The Time to Learn equation

Greater length of time spent learning + expert lead delivery = something valuable was learned.

Or some variation of that is the myth that most of us in L&D will never escape from.

I was looking at an infographic we created internally in sharing the success of our front line manager development programme. One of the things it clearly (and evidently proudly) states is that people received 65 hours worth of learning on the programme.

65 hours! That’s nearly two full working weeks of learning content.

27 hours of that learning content was off the shelf e-learning. Man. That’s just seriously painful. And it was mandatory too as part of the course! Really painful.

We’re in round two of this programme and we’ve shifted things dramatically on the e-learning front. We’ve bought a license to an authoring tool (Articulate Storyline) and we’re creating our own content for the programme outside of the statutory e-courses. We’re limiting ourselves to 20 minutes per e-course too. If we can’t deliver the content in that time, it’s back to the storyboard.

On our senior management development programme I’ve also taken that above equation and thrown it out the window. We’re providing a range of lengths for different learning content. So people have a mix of 2 hour masterclasses, 3 hour workshops or full day sessions. Again, for each of those lengths, it forces us to look at the content delivery and examine what needs to be included and why.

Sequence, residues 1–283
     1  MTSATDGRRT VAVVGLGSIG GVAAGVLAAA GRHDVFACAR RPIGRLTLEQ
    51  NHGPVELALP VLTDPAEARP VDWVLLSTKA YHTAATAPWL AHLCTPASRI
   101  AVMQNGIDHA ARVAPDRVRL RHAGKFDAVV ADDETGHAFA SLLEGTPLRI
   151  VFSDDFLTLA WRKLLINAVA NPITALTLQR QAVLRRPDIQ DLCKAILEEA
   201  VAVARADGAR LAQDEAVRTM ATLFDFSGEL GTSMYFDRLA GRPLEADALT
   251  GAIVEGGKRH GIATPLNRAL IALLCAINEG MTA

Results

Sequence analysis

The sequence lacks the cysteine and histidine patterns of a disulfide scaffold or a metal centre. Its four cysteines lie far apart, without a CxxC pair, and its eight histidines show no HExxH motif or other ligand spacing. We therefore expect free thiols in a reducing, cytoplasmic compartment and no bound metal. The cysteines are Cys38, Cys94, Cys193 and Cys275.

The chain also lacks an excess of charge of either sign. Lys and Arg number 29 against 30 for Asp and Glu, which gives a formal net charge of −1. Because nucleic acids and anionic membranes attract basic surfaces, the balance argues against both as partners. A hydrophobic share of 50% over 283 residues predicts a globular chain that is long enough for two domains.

And of course, there’s the whole online element of learning with always on content. As I’ve admitted previously, this time round we’ve not touched that. But when you consider the complete range of learning content available either free or paid for, that learning equation just doesnt and can’t stack up.

Ultimately what this means is we’re looking more closely at the quality of learning. That’s always the single hardest argument to convince senior people in the business of and the single biggest win.

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Published by

Sukh Pabial

I'm an occupational psychologist by profession and am passionate about all things learning and development, creating holistic learning solutions and using positive psychology in the workforce.

One thought on “The Time to Learn equation”

  1. Thanks for the blog. An interesting take in content design – is their time in the programme for learners to devise their own learning content against key ideas or concepts. I have a colleague who’s says all content design should be banned – I don’t completely agree with him, but I do a bit. I think we ‘teach in’ too much.

    I like the idea of master classes and building ideas for self from someone else’s story.

    Thanks again
    Helen

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